JERUSALEM — The Israeli military said it had launched a “wide-scale” attack on Gaza on Friday after one of its soldiers was shot dead near the border fence of the Palestinian territory, stoking fears of a new conflict.

The incident marked the first time an Israeli soldier had been killed during months of violence at the fence. More than 130 Palestinians have been killed during that period as Israel deployed snipers and sharpshooters against demonstrations, which it says are a cover for violent attacks.

The Israeli military responded with airstrikes and tank fire, saying it hit at least 15 military targets. Hamas, which controls the enclave, said three members of its military wing had been killed. The Palestinian Health Ministry in Gaza said a demonstrator also had been shot dead by Israeli forces at the fence earlier in the day.

“It was a very severe event and one we cannot tolerate,” said Israeli military spokesman Lt. Col. Jonathan Conricus.

Tensions between Israel and Hamas, which have already fought three wars, have flared in recent weeks. Efforts to broker a cease-fire have stumbled over the Palestinians’ continuing practice of launching fire-carrying kites and balloons from Gaza into Israel.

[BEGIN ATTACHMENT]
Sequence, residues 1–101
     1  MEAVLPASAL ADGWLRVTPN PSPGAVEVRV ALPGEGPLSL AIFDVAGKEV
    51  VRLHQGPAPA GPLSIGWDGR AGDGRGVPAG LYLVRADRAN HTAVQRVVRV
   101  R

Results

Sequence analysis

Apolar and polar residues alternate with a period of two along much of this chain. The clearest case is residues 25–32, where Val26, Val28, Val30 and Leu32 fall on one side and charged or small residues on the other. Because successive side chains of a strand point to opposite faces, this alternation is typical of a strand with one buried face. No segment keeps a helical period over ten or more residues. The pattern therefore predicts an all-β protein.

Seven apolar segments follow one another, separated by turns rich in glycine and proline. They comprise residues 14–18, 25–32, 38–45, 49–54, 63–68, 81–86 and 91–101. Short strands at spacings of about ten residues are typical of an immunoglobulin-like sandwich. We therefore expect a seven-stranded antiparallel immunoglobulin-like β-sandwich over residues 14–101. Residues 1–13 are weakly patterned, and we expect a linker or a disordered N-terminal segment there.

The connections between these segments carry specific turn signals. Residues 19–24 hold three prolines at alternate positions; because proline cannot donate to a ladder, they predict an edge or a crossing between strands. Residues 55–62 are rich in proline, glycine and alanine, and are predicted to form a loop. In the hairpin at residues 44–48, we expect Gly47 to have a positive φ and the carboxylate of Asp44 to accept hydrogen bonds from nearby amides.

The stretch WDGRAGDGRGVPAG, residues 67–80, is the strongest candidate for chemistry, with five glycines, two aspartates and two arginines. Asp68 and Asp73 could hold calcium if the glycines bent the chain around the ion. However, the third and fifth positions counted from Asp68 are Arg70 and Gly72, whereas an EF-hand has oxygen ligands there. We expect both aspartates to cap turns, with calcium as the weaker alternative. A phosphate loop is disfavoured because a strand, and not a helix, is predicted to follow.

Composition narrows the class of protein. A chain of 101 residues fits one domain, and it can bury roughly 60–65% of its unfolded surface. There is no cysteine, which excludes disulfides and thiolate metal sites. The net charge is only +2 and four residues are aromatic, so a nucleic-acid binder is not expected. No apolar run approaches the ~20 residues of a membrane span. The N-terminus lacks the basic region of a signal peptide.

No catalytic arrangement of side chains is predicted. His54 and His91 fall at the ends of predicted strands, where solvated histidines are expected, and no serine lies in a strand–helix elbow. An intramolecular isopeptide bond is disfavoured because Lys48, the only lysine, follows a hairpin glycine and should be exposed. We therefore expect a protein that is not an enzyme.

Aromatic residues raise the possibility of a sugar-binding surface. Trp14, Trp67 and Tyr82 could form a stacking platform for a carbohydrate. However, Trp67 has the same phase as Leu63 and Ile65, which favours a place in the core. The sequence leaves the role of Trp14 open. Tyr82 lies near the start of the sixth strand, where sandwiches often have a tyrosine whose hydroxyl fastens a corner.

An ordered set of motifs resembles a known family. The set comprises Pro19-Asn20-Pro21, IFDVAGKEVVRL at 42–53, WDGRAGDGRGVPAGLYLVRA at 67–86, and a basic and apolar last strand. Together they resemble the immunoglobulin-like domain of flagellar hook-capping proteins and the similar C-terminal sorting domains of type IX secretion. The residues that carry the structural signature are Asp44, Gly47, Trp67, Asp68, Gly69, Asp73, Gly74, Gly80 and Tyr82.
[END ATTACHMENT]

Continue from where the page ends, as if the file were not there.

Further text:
Last weekend saw the most severe bout of daytime fighting since the last Gaza war in 2014.

Conricus said that he did not have details of which Palestinian faction carried out the shooting attack but that Israel holds Hamas responsible for all attacks from Gaza. Later Friday night, rocket sirens sounded in southern Israel, and the military said it had detected at least three launches from Gaza, with two intercepted. No casualties were reported in the incident, it said.

“Everyone in Gaza needs to step back from the brink,” tweeted U.N. Middle East envoy Nickolay Mladenov, who is among those attempting to broker a cease-fire. “Not next week. Not tomorrow. Right NOW! Those who want to provoke Palestinians and Israelis into another war must not succeed.”

Israel, the United Nations and the United States all have urged economic relief for Gaza to achieve some stability. But here has been disagreement over how to do that, with concern in many quarters that aid should not bolster Hamas.

Gaza essentially has been under siege for more than a decade, with Israel imposing tight restrictions on goods and movement, and neighboring Egypt only sporadically opening its border. As friction has mounted in recent weeks, Israel has further restricted the movement of goods through Kerem Shalom, the main cargo-crossing point with Gaza.

Balousha reported from Gaza.